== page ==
More data, fewer maintenance problems
Boosting MRO through connectivity
From a customer service point of view, the rationale for investing in connectivity is obvious: fast, reliable Wi-Fi means more satisfied passengers, which in turn leads to increased revenues. Add to that the potential new sources of revenue from connectivity – such as on-demand entertainment or ecommerce – and the business case is clear.
But what truly cements investing in modern connectivity as essential are the benefits that it provides behind the scenes. From better communications between the aircraft and the operational hubs of the airline – this connected aircraft capability helps airlines operate more efficiently and effectively by receiving information while the aircraft is still in flight.
Technological advancements have, in recent decades, transformed how aircraft maintenance is conducted. The newest addition to this is fast, reliable connectivity and the real-time insight and intelligence that’s derived from the data it delivers.
Connectivity in MRO is a leap forward in both aviation safety and in operational efficiency. Having a connected system means that the aircraft can continuously feed information back to maintenance operations on the ground. This gives ground teams the knowledge they need – and an extra edge – to prepare maintenance and servicing logistics before the aircraft even lands.
Aircraft produce more data than ever before. The A380 itself has around 6,000 sensors across the plane that capture every detail of its operation, while the average B787 produces up to 500GB of data per flight.
“The data from the onboard data buses can be captured and transmitted to the ground,” says Peter Ansbro, VP Service Delivery at Inmarsat Aviation. “Inmarsat provides the software and the connectivity to allow the management of data on board the plane (for example, on the cabin or flight crew’s laptops and tablets) and the ground – to engineering teams and maintenance crews, as well as providing the bandwidth to transmit the data off the plane over the network connection.”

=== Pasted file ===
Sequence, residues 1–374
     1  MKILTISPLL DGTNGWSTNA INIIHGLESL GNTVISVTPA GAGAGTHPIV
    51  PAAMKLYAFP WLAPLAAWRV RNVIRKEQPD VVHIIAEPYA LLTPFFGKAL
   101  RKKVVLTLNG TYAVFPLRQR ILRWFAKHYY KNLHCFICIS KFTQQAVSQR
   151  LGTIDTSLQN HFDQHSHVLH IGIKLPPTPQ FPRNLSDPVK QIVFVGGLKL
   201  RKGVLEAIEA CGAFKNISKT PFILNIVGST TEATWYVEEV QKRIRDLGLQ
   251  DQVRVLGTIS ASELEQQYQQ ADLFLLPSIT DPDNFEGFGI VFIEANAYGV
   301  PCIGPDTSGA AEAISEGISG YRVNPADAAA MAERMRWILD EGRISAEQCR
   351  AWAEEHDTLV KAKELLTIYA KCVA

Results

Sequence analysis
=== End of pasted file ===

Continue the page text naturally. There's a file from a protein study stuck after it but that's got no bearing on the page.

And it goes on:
Connectivity technology can be used to ‘crunch’ all this data while the plane is still flying, helping to identify and track what needs to be looked at by MRO crews. Airlines gain a competitive advantage because engineers can plan better.
This is not only about safety systems. While aircraft safety is, rightfully, at the top of the list of priorities for airlines, so too is operational efficiency. Connected aircraft that are plugged into MRO teams on the ground helps to identify non-critical issues as well.
Says Ansbro: “Where inflight health data will provide a real step change will be connecting other components and systems on board – passenger systems and access points, as well as kit like ovens, toilets, seats and so on. These could then be able to be fixed on the same day or overnight.”
This helps to keep turnaround times on schedule and, therefore, reduce compensation claims, unplanned maintenance and fuel bills. In short: it keeps asset utilisation up.
“Take a large hub like Frankfurt, for example,” he says. “Currently it can take an engineer an hour to get to an aircraft before they can read the data diagnosis, often from a laptop plugged into the plane’s systems. They may then need to identify, say, the part that needs replacing, go and get it and then return to the plane. In that time, the aircraft could miss its slot, which means a fine for the airline plus the cost of it being out of service.”
Connectivity means that ground teams can fix what needs fixing faster because the fault interrogation has already taken place.
“Troubleshooting becomes easier with real time information,” says Ansbro.
He explains that real time data can also show aircraft performance trends and help keep engines running as efficiently as possible, reducing fuel burn and costs.
“Engines burn more fuel when they’re outside of their optimal operational norms – they become less efficient. Notification of less-than-optimal performance as early as possible – in flight, not just at the gate – gives airlines more time to consider whether it should be rerouted to get it back to the preferred maintenance base. It’s about dynamic fleet and performance management. In many ways it’s more of a capability issue – expertise, time and resource availability – than a cost issue.”
The wealth of data generated by aircraft has also enabled predictive maintenance. In other words, fixing the plane before it breaks down. This real time information on aircraft and component performance can help to predict the service and replacement lifestyles of parts. Rolls-Royce, for example, constantly monitors the data streaming from thousands of its engines operating worldwide. This health and reliability check lets them know what early intervention might be needed.
We’ve only just started to realise the true potential of what connectivity can mean for aviation operations. It’s fair to assume that, in the not-too-distant future, an engineer may be able to log on to an aircraft remotely from his office and sign off his checklist from there. With aircraft downtime costs ranging from $10,000 to $150,000 for just a couple of hours, the connected aircraft will be a game-changer for MRO and prove hugely beneficial to an airline’s bottom line.